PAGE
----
On Monday morning, the earthquake struck near Japan’s Yonaguni. Buildings swayed due to the force of the quake in Taipei, and people were seen rushing on to the street, but fortunately, no significant damage was reported.
Japan briefly issued an alert regarding the possibility of a 1meter tall tsunami headed for its southern Okinawa island chain, but lifted it after an hour, with no sign of high waves or damage.
The Japan Meterological Agency said that the earthquake’s depth was “very shallow”, while Taiwan’s Central Weather Bureau said it detected two earthquakes, one measuring 6.3 and another of magnitude 5.0, east of Hualien county.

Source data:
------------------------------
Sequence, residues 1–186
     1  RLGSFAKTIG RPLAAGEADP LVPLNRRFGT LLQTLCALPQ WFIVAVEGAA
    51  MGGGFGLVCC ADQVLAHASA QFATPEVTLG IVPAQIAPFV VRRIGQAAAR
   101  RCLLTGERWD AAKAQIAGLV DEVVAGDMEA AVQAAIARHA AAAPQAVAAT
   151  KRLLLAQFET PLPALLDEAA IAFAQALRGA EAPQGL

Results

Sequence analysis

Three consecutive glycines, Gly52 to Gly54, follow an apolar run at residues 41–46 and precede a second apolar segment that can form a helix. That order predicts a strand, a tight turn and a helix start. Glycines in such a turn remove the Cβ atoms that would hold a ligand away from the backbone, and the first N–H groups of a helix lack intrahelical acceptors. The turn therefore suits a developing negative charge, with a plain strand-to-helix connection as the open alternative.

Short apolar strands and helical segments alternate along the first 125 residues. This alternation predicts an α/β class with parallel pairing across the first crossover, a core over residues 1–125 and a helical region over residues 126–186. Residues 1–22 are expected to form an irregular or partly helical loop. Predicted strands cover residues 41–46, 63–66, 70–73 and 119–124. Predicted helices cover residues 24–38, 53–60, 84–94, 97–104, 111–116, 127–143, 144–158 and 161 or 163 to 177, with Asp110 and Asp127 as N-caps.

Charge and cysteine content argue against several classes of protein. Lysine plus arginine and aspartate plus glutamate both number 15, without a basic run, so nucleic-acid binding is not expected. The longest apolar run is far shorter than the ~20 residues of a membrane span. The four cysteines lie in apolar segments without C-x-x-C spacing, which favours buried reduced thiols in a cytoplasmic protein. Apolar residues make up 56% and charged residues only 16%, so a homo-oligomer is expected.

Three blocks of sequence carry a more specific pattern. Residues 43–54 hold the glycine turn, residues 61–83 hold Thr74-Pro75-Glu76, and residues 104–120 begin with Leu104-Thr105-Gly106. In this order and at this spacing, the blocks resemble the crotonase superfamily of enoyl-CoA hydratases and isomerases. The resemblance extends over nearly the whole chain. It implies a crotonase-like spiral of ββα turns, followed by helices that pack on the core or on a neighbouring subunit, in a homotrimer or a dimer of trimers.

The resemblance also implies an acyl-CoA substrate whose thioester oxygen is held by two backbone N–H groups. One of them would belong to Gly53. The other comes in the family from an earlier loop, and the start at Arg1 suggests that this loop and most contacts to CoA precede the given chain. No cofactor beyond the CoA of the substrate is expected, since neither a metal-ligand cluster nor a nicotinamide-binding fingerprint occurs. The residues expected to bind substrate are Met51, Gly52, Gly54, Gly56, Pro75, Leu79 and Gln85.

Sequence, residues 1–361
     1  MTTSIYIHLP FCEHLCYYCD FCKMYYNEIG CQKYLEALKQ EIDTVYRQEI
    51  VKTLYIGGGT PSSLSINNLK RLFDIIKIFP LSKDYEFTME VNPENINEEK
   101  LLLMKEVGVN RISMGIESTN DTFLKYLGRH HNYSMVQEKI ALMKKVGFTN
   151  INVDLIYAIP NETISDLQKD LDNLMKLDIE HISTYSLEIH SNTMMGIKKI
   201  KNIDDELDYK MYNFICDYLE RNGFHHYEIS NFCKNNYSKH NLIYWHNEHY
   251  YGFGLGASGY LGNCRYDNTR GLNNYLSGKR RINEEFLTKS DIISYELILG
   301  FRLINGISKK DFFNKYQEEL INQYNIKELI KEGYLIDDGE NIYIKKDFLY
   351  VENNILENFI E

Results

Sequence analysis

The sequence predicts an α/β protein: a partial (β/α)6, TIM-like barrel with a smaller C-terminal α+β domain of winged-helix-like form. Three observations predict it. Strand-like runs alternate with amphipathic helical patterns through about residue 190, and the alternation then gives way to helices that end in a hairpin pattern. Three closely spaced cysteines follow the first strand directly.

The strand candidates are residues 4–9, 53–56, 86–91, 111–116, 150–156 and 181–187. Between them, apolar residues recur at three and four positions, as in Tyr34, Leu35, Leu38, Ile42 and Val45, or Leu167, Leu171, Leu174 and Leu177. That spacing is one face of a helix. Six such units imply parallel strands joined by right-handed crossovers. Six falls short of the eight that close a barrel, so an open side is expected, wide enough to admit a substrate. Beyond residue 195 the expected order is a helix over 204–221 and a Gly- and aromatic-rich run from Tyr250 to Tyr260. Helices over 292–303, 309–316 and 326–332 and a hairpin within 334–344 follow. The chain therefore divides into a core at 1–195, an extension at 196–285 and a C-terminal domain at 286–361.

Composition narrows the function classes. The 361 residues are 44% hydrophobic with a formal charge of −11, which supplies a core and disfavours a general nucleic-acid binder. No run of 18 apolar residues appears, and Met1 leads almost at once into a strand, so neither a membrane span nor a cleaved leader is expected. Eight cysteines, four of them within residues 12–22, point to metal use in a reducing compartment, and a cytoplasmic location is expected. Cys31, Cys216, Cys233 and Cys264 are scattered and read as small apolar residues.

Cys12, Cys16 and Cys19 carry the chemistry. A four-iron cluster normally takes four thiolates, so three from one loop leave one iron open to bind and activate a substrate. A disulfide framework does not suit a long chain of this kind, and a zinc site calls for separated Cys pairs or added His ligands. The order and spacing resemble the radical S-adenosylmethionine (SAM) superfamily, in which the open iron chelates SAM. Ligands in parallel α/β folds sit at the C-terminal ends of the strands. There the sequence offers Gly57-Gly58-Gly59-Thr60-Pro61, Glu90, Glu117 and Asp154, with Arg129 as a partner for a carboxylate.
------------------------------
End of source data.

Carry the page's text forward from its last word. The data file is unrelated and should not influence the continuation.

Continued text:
Emergency service officials said the quake caused an electricity transformer to explode, sparking a fire which killed an elderly man. Pretty unlucky.
The US-based Pacific Tsunami Warning Center had said that a “destructive Pacific-wide tsunami was not expected”. Japan sits in a region known as the Pacific Ring of Fire, an area notorious for its high tectonic plate activity, and registers more than 20% of the planet’s most powerful earthquakes every year.
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